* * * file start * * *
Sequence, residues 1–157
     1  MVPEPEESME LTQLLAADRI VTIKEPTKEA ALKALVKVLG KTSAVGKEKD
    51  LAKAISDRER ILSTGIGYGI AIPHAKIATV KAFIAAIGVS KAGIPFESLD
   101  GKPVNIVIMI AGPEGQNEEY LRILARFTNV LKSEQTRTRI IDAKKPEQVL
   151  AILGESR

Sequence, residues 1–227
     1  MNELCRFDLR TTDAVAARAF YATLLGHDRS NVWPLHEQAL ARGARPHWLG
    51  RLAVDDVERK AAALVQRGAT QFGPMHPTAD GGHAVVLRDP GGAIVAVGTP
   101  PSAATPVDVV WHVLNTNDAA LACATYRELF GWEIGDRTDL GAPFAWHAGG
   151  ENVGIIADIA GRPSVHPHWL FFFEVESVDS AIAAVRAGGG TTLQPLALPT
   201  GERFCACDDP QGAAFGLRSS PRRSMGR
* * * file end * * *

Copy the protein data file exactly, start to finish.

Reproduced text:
Sequence, residues 1–157
     1  MVPEPEESME LTQLLAADRI VTIKEPTKEA ALKALVKVLG KTSAVGKEKD
    51  LAKAISDRER ILSTGIGYGI AIPHAKIATV KAFIAAIGVS KAGIPFESLD
   101  GKPVNIVIMI AGPEGQNEEY LRILARFTNV LKSEQTRTRI IDAKKPEQVL
   151  AILGESR

Sequence, residues 1–227
     1  MNELCRFDLR TTDAVAARAF YATLLGHDRS NVWPLHEQAL ARGARPHWLG
    51  RLAVDDVERK AAALVQRGAT QFGPMHPTAD GGHAVVLRDP GGAIVAVGTP
   101  PSAATPVDVV WHVLNTNDAA LACATYRELF GWEIGDRTDL GAPFAWHAGG
   151  ENVGIIADIA GRPSVHPHWL FFFEVESVDS AIAAVRAGGG TTLQPLALPT
   201  GERFCACDDP QGAAFGLRSS PRRSMGR